The mixing on the drums absolutely ruins most of the positive things I could say about this album, with the snare and bass combo being five times as loud as anything else. I can see how fans of the extremely raw and brutal kinds of production gravitate towards this, but the incessant pounding of the same patterns under similar riffs doesn't really do much for me. At the same time, I.N.R.I. has way more charm and personality than some of the other early Black Metal albums I've heard. The closing track makes me think that this album isn't meant to be taken that seriously, along with some truly classic lyrics on "I.N.R.I." and "Christ's Death", but at the same time these guys really left nothing on the table as they channeled as many extreme metal influences as they could into one short album. Despite all its flaws I think this classic release has some charm that I wasn't ready to admit when I first heard it. It's raw in a way that didn't exactly age well on the surface, but the possibly unintended passion behind an admittedly less than mediocre album somehow won me over in the end. 

Daniel Daniel / October 19, 2020 / Comments 0 / 0

I was only a very young chap when I first encountered seminal Brazilian black metal outfit Sarcófago back in the early 1990's. I'd begun tape trading with a South American kid who possessed a comprehensive list of his local product & I subsequently received a long procession of underground stuff from him in the mail over short period. Amongst that lot was a whole bunch of Sarcófago material & I can distinctly remember having my mind blown by just how raw metal music could get. It was very much a novelty for me at the time & it's understandable as to why I felt that way when I return to their debut full-length "I.N.R.I." in more modern times. Sarcófago took influence from several of the most extreme forms of music of the time & ramped them all up to eleven, all while still learning to play their instruments. But any experienced fan of South American extreme metal will tell you that these technical inadequacies & the general naivety of the song-writing are a big part of the attraction with this style of music & that's never been more evident than it is with "I.N.R.I.". It's full of out-of-time blast beats, silly monster noises & incompetent guitar solos but I'll be fucked if these "qualities" do anything to tarnish the album's appeal. It's simply a really fun listen & shouldn't be taken as seriously as many kvlt black metallers seem to.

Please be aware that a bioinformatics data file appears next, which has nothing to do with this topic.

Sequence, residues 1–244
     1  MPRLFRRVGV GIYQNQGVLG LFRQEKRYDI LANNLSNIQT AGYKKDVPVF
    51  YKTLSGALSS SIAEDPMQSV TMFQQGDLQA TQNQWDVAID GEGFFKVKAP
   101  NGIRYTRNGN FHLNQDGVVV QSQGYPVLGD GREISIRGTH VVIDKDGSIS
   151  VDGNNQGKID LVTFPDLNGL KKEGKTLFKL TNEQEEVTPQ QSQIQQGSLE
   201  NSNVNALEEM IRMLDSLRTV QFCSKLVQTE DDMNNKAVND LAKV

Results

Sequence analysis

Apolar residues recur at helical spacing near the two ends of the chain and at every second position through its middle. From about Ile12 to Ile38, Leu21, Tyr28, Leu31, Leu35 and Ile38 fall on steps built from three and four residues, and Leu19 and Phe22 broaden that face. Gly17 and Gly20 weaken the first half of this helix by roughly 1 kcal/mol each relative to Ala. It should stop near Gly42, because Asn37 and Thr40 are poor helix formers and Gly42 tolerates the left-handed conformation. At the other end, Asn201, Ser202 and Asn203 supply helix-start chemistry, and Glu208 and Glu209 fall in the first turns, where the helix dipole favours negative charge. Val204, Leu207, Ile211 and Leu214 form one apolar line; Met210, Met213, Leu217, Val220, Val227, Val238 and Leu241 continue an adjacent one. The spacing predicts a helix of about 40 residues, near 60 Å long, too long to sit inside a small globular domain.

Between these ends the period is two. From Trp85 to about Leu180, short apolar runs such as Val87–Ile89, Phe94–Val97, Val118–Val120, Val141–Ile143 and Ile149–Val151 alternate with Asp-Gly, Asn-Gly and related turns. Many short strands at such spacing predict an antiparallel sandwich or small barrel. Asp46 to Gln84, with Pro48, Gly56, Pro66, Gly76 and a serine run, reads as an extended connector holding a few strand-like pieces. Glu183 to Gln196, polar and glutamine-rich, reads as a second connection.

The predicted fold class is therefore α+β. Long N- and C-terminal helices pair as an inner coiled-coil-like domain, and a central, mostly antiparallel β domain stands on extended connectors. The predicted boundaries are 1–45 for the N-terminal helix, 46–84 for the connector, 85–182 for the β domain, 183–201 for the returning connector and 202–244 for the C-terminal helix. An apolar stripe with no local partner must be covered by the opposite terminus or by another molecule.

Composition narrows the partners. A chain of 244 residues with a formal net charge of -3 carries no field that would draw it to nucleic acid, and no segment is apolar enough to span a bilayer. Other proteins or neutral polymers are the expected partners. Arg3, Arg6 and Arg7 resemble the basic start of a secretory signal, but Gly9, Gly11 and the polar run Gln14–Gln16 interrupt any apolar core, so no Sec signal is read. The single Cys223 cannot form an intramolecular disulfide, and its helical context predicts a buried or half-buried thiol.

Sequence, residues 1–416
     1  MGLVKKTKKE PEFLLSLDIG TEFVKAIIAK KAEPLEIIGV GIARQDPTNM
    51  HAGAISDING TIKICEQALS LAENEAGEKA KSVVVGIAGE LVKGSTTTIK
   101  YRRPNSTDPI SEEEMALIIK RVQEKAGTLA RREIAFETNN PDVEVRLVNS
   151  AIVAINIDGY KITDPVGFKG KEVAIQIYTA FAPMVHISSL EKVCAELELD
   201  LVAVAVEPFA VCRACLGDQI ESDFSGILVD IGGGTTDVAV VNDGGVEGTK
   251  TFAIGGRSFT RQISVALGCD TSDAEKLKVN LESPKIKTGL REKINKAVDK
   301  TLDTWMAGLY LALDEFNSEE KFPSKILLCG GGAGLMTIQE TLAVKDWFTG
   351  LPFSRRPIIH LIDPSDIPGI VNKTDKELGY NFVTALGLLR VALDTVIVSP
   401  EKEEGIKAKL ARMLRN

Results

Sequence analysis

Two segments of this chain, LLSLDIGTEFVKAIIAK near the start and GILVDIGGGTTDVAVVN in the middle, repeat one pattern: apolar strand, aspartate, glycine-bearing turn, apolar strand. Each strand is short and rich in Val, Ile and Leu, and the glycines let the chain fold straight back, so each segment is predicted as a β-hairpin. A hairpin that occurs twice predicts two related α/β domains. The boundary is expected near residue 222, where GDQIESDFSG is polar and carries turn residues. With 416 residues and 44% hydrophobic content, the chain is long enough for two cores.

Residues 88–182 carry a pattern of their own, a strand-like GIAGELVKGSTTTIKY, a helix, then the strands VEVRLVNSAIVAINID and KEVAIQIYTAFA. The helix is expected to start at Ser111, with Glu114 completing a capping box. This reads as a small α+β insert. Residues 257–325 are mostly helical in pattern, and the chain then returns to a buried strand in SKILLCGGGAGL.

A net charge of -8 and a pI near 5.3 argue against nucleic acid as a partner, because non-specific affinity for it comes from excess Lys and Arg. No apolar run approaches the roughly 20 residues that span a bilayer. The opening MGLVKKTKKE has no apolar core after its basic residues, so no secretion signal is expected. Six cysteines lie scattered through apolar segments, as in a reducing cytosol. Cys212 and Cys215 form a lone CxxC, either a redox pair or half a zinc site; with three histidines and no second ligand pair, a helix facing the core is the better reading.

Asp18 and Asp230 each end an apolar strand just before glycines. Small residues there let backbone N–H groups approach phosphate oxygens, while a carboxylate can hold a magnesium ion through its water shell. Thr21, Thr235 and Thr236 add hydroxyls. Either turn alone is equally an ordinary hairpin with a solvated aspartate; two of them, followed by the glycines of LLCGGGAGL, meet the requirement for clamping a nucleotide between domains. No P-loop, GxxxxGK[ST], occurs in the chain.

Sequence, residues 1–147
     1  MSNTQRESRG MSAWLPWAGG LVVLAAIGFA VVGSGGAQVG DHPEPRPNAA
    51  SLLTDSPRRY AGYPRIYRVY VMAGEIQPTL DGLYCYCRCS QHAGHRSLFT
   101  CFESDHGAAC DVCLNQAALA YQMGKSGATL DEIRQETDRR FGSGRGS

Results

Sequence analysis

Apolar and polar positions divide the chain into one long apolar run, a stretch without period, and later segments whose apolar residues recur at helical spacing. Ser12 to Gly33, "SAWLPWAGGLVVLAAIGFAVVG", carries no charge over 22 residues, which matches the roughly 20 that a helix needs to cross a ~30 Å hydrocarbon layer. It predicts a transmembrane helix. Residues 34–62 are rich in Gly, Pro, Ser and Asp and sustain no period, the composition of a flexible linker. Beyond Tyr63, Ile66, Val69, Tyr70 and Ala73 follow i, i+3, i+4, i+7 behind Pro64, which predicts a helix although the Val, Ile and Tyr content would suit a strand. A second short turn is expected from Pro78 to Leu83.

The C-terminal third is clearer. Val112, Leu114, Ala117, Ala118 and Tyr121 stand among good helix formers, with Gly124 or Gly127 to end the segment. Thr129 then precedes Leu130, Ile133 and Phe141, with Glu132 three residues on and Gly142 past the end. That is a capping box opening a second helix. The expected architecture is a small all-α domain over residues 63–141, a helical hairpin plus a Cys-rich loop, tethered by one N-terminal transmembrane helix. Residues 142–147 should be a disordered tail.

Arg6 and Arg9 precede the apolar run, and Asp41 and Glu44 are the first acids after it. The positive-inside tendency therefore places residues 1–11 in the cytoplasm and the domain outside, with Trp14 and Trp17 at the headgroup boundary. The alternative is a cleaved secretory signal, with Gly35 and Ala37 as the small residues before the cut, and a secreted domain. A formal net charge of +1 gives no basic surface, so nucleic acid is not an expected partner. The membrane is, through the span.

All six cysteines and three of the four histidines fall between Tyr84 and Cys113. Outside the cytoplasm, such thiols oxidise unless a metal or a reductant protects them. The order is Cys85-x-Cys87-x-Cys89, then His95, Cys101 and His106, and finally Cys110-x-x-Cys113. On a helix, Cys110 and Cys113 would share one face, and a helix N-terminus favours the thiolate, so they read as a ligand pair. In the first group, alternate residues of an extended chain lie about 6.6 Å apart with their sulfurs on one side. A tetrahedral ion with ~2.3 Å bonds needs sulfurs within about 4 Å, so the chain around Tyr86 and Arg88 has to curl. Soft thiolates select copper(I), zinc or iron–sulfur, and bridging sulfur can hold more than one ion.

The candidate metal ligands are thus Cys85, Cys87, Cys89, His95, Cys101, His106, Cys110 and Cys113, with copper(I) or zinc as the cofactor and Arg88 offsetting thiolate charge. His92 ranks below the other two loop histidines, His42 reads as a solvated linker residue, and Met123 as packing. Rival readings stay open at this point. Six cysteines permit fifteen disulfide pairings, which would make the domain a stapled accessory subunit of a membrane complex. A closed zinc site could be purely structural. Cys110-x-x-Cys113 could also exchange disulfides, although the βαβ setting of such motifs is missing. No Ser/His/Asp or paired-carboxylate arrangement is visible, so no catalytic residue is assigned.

Thankfully the production is clear enough so that you can easily make out all of the instruments. The snare drum is ridiculously loud but that has always been a common trait of South American releases. The influence of hardcore punk on Sarcófago's sound is obvious & it gives them a formidable energy that borders on being infectious. I do really enjoy the aggressive vocals which give the album a darker feel & helps it to overcome the fact that the instrumentalists are struggling to hold everything together beneath them. You'll often see people tossing around the thrash metal tag with "I.N.R.I." but there's very little legitimate thrash on offer if you look closely. This is pure black metal bordering on the more modern war metal movement that Sarcófago were such an key influence on. Early Sodom & Hellhammer are the most obvious influences in my opinion but the early Brazilian releases from Sepultura & Vulcano are also good points of reference, not to forget the hardcore & early grindcore elements. 

This all amounts to a consistently enjoyable listen that never borders on being life-changing but is ultimately fit for purpose when searching for the ultra-kvlt & super-raw release that defines what it meant to be underground in the mid-to-late 1980's. I undoubtedly have a bit of an emotional attachment to Sarcófago given my history with them at a very impressionable time in my life but if I try my best to put those feelings aside I still can't seem to shift the adrenaline rush they give me. There's a purity to the primitive packaging & delivery that seems to transcend the technical deficiencies & this was the flame that the early black metal scene found so attractive. If you're into modern black metal then you owe it to yourself to at least have an understanding of what "I.N.R.I." was about & the impression it left of the metal underground. I can't say it'll ever sit amongst my all-time favourites but I never regret my occasional revisit.